From the President

By Susan Meisinger Mar 1, 2008

HR Magazine, March 2008 Change Management And HR’s Role

It’s the political season, and “Change!” seems to be the dominant theme on the campaign trail. But in the global business environment—and for organizations worldwide—real, constant change has been a fact of life for some time. To remain competitive, organizations often find it necessary to undertake major changes that affect their processes and people.

Increasingly, change management is seen as a permanent business function to improve efficiency and keep organizations adaptable to the competitive marketplace. Many organizations strategically use change to improve organizational effectiveness. But bringing about successful change in today’s competitive environment requires thoughtful planning, effective communication and employee acceptance.

As the function with primary responsibility for human capital management, HR needs to be involved from the beginning when major organizational change initiatives are being developed.

The impact of major organizational changes on employee attitudes cannot be overstated. Change can create enormous tension in the workplace. Many people are uncomfortable with change, and are filled with uncertainty and apprehension over job security and the future, circumstances that can threaten the success of change initiatives. According to the Society for Human Resource Management’s (SHRM) 2007 Change Management Survey Report, the top two obstacles encountered during major organizational change are communication breakdown and employee resistance.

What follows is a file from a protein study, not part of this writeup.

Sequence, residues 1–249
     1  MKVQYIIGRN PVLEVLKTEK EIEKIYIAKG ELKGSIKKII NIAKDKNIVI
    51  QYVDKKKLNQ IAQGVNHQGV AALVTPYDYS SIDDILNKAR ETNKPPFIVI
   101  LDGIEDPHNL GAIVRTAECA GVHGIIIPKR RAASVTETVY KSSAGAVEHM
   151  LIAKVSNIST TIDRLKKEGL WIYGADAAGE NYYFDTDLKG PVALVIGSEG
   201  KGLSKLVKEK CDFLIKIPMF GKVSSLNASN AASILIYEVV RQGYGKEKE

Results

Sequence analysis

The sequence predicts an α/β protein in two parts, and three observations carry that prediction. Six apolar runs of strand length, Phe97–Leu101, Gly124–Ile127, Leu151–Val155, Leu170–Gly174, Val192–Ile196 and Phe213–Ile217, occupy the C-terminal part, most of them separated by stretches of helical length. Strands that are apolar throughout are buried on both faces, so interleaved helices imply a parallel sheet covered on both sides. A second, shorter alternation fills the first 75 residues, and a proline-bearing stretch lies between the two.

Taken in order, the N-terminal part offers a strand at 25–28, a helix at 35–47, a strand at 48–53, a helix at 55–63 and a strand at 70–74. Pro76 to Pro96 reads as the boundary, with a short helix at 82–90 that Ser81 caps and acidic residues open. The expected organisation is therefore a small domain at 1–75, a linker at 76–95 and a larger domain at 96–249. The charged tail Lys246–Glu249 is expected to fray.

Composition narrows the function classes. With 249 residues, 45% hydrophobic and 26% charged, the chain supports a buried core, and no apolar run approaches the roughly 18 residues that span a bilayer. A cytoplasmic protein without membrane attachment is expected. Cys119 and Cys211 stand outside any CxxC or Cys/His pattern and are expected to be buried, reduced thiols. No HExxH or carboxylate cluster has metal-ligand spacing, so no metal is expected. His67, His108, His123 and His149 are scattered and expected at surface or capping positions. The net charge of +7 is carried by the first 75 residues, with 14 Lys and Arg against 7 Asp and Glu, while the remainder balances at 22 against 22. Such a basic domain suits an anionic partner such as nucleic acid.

HR leaders can help get employee support for change initiatives by ensuring that communications about change are clear, constant and consistent. Communication largely determines how change initiatives are received and supported, and most HR professionals have highly developed communication skills. SHRM’s survey found that when HR was involved in change management communications, employee understanding improved, communication between managerial and non-managerial employees improved, and potential risks were identified and mitigated.

Communication that fails to engage employees and to inform them of the reasons, processes and expected benefits of major organizational changes can lead to lack of employee buy-in and, ultimately, failure of change initiatives.

Research shows that HR is the critical link to successful organizational change. To ensure agreement of stakeholders at all levels of the organization, HR can foster effective change management by clearly communicating the organization’s vision, carefully designing change initiatives, providing updates at all stages of the program, and engaging both top management and employees throughout the process.

When political candidates tout “change,” most of us recognize it as hopeful anticipation for a better future. When it comes to organizations, HR has a pivotal role to play in ensuring that change is realized, hopes are met, and success is sustainable. And that’s a recurring theme that is here to stay.

Web Extras

SHRM survey report:
2007 Change Management


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